Overseas Paradises You Can Visit Without a Passport
After working at your company for 73 years, you finally racked up two weeks' worth of vacation days, but guess what: after 72 years, your passport's nowhere near valid. You're screwed -- time to book that bus to Gary, Indiana.
But wait! You're not the only dumb one (only 36% of Americans have a passport), and more importantly, you can still head to a tropical unincorporated territory overseas for passport-free travel bragging rights. Pack your state-issued ID and follow us to...
Why you should go: The main island of Saipan's where all the action (and 90% of the population) is. Besides white sandy beaches, there's some great snorkeling. Hit up The Grotto -- one of the region's most popular dive spots.
How it feels a little like home: These islands've had a big US military presence since the second World War. Tourism's a huge part of the local economy, too, so the locals are no strangers to you and your crazy American ways.
Why you should go: Puerto Rico's got all the warm-weather appeal of the DR, but none of the international hassle. Hit up the nearby island of Vieques for killer beaches and bioluminescent Mosquito Bay.
How it feels a little like home: Welcome to America's 51st state (for better or worse)! Soak up the melting pot of Taíno, African, and Caribbean cultures... or exude confidence in front of the menus at Starbucks and Taco Bell.
Why you should go: Four words: American Samoa National Park. Hike through 8,000 acres of gorgeous terrain, or explore the 2,500 acres of coral reef. It's also considered to be one of the world's greatest spots for cliff-diving, in case you feel like being completely awesome.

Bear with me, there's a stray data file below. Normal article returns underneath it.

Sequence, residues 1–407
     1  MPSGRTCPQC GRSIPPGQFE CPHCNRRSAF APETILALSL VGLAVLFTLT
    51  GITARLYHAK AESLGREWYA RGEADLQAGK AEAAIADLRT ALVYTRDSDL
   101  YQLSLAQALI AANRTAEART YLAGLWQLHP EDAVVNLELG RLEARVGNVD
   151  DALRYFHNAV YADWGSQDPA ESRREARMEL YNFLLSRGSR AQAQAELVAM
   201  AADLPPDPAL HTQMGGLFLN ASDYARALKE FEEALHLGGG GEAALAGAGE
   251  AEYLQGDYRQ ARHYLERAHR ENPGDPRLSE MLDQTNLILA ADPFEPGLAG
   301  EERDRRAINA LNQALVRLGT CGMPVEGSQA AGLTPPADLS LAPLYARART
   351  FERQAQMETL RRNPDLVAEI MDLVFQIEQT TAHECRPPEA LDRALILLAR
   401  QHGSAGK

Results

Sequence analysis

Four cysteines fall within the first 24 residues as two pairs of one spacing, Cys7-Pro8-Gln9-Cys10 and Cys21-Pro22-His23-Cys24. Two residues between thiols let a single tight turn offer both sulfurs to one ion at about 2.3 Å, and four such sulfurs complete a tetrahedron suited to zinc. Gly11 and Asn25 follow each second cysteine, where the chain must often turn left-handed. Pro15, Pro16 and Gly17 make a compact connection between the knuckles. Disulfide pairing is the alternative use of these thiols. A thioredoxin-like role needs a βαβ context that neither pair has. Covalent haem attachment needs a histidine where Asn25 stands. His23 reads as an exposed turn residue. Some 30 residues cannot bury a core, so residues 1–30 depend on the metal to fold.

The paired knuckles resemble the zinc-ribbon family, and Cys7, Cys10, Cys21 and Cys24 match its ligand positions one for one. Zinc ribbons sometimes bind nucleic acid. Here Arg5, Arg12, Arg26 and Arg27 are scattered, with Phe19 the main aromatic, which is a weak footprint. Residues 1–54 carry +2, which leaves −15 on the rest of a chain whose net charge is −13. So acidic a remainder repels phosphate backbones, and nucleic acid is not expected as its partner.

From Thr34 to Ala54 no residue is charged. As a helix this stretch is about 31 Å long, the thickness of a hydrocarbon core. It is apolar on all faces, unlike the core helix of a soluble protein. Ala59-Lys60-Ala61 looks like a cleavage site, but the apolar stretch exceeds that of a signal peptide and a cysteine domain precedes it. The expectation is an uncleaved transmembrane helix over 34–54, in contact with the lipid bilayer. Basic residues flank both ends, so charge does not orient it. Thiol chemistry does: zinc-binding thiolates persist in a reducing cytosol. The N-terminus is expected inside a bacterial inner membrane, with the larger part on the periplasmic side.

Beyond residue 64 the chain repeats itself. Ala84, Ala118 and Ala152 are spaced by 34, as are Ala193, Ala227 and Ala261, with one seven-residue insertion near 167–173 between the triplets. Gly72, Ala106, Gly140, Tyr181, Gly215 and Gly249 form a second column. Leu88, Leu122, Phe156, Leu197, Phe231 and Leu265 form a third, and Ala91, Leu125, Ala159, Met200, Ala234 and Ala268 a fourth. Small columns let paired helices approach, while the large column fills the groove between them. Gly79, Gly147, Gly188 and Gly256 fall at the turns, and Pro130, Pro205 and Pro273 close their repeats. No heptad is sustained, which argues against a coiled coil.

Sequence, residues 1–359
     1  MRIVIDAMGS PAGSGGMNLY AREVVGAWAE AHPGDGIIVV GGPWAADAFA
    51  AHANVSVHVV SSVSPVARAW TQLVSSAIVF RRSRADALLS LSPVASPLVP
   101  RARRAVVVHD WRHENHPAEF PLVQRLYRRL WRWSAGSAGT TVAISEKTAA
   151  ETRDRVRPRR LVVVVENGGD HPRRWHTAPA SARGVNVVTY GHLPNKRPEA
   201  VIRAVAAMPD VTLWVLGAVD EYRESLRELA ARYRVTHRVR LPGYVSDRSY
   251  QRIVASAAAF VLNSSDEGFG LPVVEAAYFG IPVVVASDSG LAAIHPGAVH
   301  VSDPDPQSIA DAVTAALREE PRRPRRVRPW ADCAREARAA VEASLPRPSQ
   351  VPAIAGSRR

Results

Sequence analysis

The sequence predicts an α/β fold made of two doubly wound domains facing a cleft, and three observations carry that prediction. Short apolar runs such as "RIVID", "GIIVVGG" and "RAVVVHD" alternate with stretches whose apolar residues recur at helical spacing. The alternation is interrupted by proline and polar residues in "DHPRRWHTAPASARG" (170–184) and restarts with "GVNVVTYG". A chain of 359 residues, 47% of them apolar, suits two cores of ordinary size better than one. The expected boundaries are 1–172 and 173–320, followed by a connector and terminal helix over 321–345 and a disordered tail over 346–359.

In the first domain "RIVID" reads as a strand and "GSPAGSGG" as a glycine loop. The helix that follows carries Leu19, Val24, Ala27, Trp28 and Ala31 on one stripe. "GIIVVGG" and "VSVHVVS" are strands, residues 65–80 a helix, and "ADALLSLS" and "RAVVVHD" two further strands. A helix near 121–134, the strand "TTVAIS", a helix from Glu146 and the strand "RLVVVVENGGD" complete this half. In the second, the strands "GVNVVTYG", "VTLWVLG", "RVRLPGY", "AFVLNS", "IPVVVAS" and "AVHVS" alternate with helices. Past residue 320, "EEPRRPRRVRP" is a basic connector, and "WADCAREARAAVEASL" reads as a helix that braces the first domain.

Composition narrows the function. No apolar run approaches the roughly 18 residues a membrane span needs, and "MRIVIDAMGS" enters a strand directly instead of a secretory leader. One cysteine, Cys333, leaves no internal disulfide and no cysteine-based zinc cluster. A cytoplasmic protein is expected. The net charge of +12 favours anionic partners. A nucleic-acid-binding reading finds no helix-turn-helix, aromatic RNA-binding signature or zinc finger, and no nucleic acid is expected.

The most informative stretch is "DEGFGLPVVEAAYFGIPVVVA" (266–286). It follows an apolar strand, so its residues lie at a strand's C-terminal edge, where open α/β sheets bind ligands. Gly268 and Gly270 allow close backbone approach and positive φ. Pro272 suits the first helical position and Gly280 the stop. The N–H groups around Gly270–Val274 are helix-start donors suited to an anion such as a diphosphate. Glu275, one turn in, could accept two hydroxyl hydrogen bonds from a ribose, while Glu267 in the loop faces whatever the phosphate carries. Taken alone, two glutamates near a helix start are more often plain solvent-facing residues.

How it feels a little like home: It's called "American" for a reason. Plus, football's increasingly popular here (which makes sense, since Samoans are around 50 times more likely to play in the NFL than mainland Americans).
Why you should go: You can pretty much check off your entire "tropical vacation" bucket list at these three islands. Hook a massive marlin, swim in crystal-clear water, and listen to some dude named Cyril play calypso while you lay on the beach and sip a cocktail that's 95% rum.
How it feels a little like home: Since the US dollar's the official currency, no need to stress about a pocketful of silly coins and Monopoly notes. English is the official language, too, so you'll be understood without having to speak slower and louder.
Why you should go: The entire southern tip of the island's peppered with scenic overlooks and waterfalls, but the island itself is small enough that you can see everything in a day. Oh, and the temps here never dip below 75, so there's that.
How it feels a little like home: Here you'll find the world's largest Kmart. No joke -- bring mom home a Kathy Ireland knit as an authentic souvenir.
Gianni Jaccoma is an editorial assistant for Thrillist's Travel vertical, and is fluent in more than seven languages that he made up himself. Follow him on Twitter at @gjaccoma.
This article was originally published on 1/9/14